20 Ways to Communicate Better in Church Work
Whether you’re communicating with volunteer teams and congregational committees or you’re a lead pastor engaged in executive coaching for churches, how you say things is important. Communication issues cost businesses hundreds of thousands each year. In a ministry environment, the cost of poor communication is more than money; it might be measured in souls.
Check out these 20 tips for communicating better at work. Use them to improve your own communications or as coaching lessons for other church staff.
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1. Keep doors open.
Encourage better communication among everyone with open-door policies. Physical and metaphorical open doors support transparency and make it easier for church staff and others to seek coaching, advice, or just an ear to listen.
2. But maintain confidentiality.
Confidentiality is critical in any workplace and especially in the church. This doesn’t mean you’re keeping secrets, but that everyone in a ministry position is honoring the trust others put in them when sharing personal information, troubles, or prayer requests.
3. Send email follow-ups.
After important meetings or discussions, follow up with an email. List the critical talking points or decisions, and restate any takeaways or assignments. Invite the other parties to comment on anything that might have been misunderstood or forgotten. When executive coaching in churches, this is a great way to ensure everyone is on the same page.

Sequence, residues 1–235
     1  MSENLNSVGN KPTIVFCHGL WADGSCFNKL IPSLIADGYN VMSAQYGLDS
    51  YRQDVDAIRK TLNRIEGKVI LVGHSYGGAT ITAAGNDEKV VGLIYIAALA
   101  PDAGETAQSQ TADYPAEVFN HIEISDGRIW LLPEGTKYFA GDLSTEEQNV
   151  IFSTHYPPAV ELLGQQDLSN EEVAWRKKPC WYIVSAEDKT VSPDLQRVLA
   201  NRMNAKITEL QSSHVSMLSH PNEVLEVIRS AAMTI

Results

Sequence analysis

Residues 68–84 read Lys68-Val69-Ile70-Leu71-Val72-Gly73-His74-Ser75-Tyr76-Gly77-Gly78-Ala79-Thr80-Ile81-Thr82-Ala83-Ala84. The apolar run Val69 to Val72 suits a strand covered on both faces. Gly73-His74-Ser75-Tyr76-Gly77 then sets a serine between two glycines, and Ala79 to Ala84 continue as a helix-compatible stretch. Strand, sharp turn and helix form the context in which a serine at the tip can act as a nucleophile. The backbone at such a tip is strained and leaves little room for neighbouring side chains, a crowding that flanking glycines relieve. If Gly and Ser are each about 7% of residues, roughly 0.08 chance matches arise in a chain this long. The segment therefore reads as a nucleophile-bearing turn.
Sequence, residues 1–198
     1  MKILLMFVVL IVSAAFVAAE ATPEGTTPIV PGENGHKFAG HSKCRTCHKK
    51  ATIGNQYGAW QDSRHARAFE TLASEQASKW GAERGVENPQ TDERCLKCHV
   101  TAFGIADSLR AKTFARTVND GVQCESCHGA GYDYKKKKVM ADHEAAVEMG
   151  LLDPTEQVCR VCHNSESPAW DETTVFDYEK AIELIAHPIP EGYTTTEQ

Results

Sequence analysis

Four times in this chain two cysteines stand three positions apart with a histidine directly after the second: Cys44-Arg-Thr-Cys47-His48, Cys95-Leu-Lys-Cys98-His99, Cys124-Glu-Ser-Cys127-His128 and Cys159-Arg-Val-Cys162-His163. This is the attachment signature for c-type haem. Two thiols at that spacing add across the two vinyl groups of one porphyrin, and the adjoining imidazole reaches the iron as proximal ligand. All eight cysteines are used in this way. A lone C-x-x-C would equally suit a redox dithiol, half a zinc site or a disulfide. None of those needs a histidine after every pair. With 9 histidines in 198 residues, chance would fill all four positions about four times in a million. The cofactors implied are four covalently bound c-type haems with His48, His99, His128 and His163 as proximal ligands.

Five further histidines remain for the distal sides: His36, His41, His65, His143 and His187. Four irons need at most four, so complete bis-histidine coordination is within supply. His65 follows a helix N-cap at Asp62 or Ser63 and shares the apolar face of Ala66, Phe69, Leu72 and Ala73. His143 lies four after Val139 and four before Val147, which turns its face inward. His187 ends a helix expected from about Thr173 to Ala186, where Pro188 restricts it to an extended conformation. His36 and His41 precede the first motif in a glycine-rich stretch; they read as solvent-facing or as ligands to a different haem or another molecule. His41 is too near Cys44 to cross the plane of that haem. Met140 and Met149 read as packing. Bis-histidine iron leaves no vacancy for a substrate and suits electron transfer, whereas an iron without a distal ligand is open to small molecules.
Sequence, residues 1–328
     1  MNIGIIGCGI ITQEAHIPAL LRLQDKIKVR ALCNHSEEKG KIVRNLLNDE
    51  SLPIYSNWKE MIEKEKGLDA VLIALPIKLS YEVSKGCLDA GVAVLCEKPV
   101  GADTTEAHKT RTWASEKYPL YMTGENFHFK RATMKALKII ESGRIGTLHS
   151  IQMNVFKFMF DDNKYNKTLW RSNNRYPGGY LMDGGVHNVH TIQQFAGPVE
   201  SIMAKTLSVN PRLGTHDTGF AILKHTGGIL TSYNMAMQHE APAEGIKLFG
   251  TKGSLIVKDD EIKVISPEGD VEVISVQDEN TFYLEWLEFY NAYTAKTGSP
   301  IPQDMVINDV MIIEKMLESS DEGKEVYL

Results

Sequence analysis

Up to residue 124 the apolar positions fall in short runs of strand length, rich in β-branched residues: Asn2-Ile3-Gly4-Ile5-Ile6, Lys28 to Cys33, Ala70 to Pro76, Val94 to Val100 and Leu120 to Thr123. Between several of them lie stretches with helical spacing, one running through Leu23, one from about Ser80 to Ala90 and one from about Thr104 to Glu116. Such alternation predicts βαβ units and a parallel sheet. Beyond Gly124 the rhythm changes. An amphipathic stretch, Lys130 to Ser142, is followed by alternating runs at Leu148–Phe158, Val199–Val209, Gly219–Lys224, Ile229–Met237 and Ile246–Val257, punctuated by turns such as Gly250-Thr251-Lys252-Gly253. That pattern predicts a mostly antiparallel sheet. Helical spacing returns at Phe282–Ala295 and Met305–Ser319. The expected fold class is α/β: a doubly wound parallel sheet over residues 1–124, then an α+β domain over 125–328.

4. But don’t get caught in the email thread loop.
Don’t let email discussions drag on forever or breed multiple threads when a simple phone call or face-to-face discussion can solve the issue. Know when to take it out of written communication.
5. Coach (and correct) one-on-one.
Discreet coaching and correction with individuals are typically more effective than addressing a group. People don’t always know which bits of information they personally need to take from a group address, but if you pull them aside and gently instruct them, there’s less room for misunderstanding.
6. But do ensure everyone is in the loop.
Don’t rely so much on the one-on-one approach that you don’t get information to everyone. Processes, announcements, and other important communication should go to the entire team or even congregation.
7. Be confident in your approach.
Take time to understand your own strengths and weaknesses, and work on developing your leadership and communication skills. That way you can communicate confidently, increasing the chance that staff and others will listen to and follow your guidance.
8. But be open to correction yourself.
No one is perfect, and everyone has opportunities for growth and learning. Be open to advice, feedback, and coaching yourself. Almost 90% of human resource experts say that check-ins and peer feedback are important for success.
9. Use simple, concise language.
Don’t cloak your message in big words or confusing language. Use Jesus as an example. When teaching, he told stories that were relevant to the people who were listening. Be concise in your communication, and make it relevant to those you’re working with.
10. But don’t talk down to people.